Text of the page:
How to go about trading in options?

Yoganand D | Updated on May 13, 2018


SALEESH KV, An options trader


P R SUNDAR, An active options trader

First understand the Greek and Latin of these derivative products and implement smart strategies to be in-the-money, say seasoned players

In recent times, India’s derivatives market has attracted a lot of retail interest and the turnover has increased sharply. But understanding the complex world of derivatives, especially options, is not easy for novices. Portfolio sounded out some traders to see how they go about trading in options.

Understand the pay-off

Most beginners start their option trading careers by adopting the plain vanilla call option or put options of stocks or indices. Even though it is fun buying such options and waiting to make huge profits like in a mini-lottery ticket, it is like gambling as there is the risk of losing the premium paid.

If you are an option seller, the risk will be unlimited. Apart from a plain vanilla call option or a put option, there are about 28 options strategies that involve a combination of calls and puts. These options strategies are categorised into bullish, bearish, neutral and volatility strategies.




Sandeep Prabhudesai, an IIM-Ahmedabad graduate, who has about 16 years of experience in options trading says, “Beginners should first familiarise themselves with pay-off profiles (visual representation of the risk-reward of the strategy), understanding the Greeks and the concepts of implied volatility. For option theory, “Varsity by Zerodha” is a good start.”

The losses for the buyer of an option are limited, but the profits are potentially unlimited. For a writer (seller), the pay-off is exactly the opposite. His profits are limited to the option premium, though his losses are potentially unlimited. The pay-off profile varies from one strategy to another.





The option Greeks

Balajee Ramachandran, a programmer who started derivatives trading with Zerodha recently, stresses the importance of implied volatility. He says, “Beginners should always check implied volatility before buying. Understand the option Greeks like theta and vega. They really do matter. Use out-of-the-money options only for intraday bets.” Out-of-the money options are cheaper than in-the-money options.

Implied volatility is the estimated volatility of a stock or index based on which the option premium moves. This is a vital component in options pricing. Trading success can be increased by being on the right side of implied volatility changes.

It is also important to understand delta, gamma, vega and theta, which are collectively known as the Greeks. These terms offer a system to measure the different factors that affect the price of an option’s price, such as price changes in the underlying asset, changes in implied volatility and time value decay of the option.

Delta, for instance, is used to gauge the probability of the option price expiring in the money. Without understanding Greeks, it will be very difficult to trade in options, experienced traders say. Beginners can make use of advanced software available on the internet to calculate the option Greeks of an index or stock.

The preferred strategies

Prabhudesai says, “I mainly trade delta-neutral option strategies which imply not taking a directional view on the market. There are multiple things to analyse before taking on an option trade — for option selling strategies, one needs to check what the current IV (implied volatility) is relative to its history, standard deviation of the underlying and the Greeks of the strategy. The pay-off has to be stress tested and, finally, liquidity in the option is very important.”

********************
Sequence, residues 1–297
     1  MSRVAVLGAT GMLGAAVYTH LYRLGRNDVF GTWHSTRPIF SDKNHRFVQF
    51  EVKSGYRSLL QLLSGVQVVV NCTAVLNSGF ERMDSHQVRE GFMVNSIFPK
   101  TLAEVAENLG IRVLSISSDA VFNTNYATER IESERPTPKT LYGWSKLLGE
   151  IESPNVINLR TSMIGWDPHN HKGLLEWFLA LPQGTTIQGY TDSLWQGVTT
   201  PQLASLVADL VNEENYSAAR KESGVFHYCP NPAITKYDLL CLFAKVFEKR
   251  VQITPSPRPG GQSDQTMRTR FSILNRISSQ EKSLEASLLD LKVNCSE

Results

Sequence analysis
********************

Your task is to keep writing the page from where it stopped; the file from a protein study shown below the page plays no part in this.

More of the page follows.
Most options traders prefer to trade in index options as they provide more liquidity and are less volatile compared to stock options. For instance, last Thursday, to buy a near call option of 10,750 in the Nifty index, one had to pay a premium of ₹9,300 on a lot size of 75. On the other hand, to buy a near call option of ₹250 in SBI, one has to outlay ₹22,500 plus brokerage on a lot size of 3000.


SALEESH KV, An options trader


Saleesh KV who has about 10 years of experience in trading says, “Index options are better to trade because of the liquidity and lower investment requirement than stock options. Stock options are good to have a short position on, but we need more investment to write the option. So, in terms of return, index options are better.” On the best options strategies for beginners, he said, “Straddle and strangle are best during the big events days.”

P R SUNDAR, An active options trader



P R Sundar, after being a mathematics teacher for 20 years, is now an active options trader with 10 years of experience in the field. He says, “A buyer wants a strong move in the underlying, so that his option will be profitable, whereas an option seller wants a moderate movement in the underlying.

Stocks tend to move aggressively while indices, being a collation of stocks, tend to move moderately. So if you are an option buyer, you should go for stocks and, if you are an option seller, you should opt for indices. Being an option seller, I play with indices most of the time.”

He adds, “Beginners should start with strategies such as iron condor, butterfly and calendar spread where the risks are predefined.

Over a period of time, when they become confident of judging the market direction and get the know of how to manage risk, they can venture into other strategies like ratio spreads, short straddle, and so on.”

Prabhudesai concludes by saying, “A beginner should practice prudent asset allocation and strict risk management, and can start off with strangles or iron condors which are among the most basic strategies.

Option selling strategies require a lot of screen time and should ideally by pursued by full-time traders.”

Published on May 13, 2018

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